To evaluate genetic and environmental variance in the Minnesota Multiphasic Personality Inventory (MMPI), I studied nine factor scales identified in the first item factor analysis of normal adult MMPIs in a sample of 820 adolescent and young adult co-twins. Conventional twin comparisons documented heritable variance in six of the nine MMPI factors (Neuroticism, Psychoticism, Extraversion, Somatic Complaints, Inadequacy, and Cynicism), whereas significant influence from shared environmental experience was found for four factors (Masculinity versus Femininity, Extraversion, Religious Orthodoxy, and Intellectual Interests). Genetic variance in the nine factors was more evident in results from twin sisters than those of twin brothers, and a developmental-genetic analysis, using hierarchical multiple regressions of double-entry matrixes of the twins' raw data, revealed that in four MMPI factor scales, genetic effects were significantly modulated by age or gender or their interaction during the developmental period from early adolescence to early adulthood.

  1. An alternative method for noise analysis using pixel variance as part of quality control procedures on digital mammography systems.

    NARCIS (Netherlands)

    Bouwman, R.; Young, K.; Lazzari, B.; Ravaglia, V.; Broeders, M.J.M.; Engen, R. van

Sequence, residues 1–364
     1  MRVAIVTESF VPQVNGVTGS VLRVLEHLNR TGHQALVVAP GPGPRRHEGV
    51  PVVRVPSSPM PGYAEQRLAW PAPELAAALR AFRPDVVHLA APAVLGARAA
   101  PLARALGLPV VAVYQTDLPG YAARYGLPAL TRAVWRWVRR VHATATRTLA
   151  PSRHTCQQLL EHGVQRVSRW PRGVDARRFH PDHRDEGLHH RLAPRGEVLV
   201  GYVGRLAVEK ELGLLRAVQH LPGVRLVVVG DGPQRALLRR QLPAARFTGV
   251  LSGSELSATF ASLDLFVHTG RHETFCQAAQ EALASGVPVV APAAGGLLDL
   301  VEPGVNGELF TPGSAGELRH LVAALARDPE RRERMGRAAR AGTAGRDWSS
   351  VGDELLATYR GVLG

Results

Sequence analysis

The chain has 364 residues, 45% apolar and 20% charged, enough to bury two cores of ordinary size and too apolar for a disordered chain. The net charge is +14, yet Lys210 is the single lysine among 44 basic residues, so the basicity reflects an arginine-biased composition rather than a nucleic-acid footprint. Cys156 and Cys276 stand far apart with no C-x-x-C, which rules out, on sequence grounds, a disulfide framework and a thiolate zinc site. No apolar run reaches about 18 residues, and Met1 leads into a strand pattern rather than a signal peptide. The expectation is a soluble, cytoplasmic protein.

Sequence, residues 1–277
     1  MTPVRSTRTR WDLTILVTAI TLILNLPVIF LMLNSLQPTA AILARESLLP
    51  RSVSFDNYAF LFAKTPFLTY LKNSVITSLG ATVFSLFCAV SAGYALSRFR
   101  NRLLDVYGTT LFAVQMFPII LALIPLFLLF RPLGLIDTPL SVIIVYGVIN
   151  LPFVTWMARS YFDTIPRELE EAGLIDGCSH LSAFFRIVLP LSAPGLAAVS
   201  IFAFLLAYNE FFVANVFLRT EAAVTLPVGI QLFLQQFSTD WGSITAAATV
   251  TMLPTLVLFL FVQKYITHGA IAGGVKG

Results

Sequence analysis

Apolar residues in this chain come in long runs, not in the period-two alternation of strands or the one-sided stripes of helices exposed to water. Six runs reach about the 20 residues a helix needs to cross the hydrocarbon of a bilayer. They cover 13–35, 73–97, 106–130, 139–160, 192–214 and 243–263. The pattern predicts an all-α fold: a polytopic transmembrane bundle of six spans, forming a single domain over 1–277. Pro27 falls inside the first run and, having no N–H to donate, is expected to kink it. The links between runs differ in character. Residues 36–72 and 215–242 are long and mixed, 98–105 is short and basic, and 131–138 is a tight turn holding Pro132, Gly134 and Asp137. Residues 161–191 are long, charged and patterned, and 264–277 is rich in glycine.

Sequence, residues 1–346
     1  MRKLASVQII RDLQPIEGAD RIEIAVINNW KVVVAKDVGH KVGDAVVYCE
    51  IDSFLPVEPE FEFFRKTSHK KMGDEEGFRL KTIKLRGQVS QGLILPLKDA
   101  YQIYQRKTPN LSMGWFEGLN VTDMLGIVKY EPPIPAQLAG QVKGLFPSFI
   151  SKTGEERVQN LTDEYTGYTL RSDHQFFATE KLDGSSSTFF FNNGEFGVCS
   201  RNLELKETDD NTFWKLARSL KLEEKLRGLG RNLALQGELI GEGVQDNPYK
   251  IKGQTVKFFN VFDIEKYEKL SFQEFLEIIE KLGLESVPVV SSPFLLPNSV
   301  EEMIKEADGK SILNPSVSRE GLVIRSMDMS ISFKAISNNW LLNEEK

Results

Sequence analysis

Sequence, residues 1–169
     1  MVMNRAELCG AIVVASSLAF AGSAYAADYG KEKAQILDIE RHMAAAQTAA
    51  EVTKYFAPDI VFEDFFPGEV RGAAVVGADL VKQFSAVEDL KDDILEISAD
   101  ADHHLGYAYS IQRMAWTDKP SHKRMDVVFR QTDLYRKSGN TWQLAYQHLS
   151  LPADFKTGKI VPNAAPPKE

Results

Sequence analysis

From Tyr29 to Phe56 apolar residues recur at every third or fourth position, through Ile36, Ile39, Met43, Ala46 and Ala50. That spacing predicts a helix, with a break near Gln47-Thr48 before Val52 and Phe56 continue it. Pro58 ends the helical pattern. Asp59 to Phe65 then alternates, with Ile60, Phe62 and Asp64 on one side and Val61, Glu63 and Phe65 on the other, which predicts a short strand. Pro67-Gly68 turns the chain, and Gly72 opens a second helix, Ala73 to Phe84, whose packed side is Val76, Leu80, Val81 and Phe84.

2009-01-01

    According to the European Guidelines for quality assured breast cancer screening and diagnosis, noise analysis is one of the measurements that needs to be performed as part of quality control procedures on digital mammography systems. However, the method recommended in the European Guidelines does

  2. Risk implications of renewable support instruments: Comparative analysis of feed-in tariffs and premiums using a mean-variance approach

    DEFF Research Database (Denmark)

    Kitzing, Lena

    2014-01-01

    . Using cash flow analysis, Monte Carlo simulations and mean-variance analysis, we quantify risk-return relationships for an exemplary offshore wind park in a simplified setting. We show that feedin tariffs systematically require lower direct support levels than feed-in premiums while providing the same...

  3. Semi-empirical prediction of moisture build-up in an electronic enclosure using analysis of variance (ANOVA)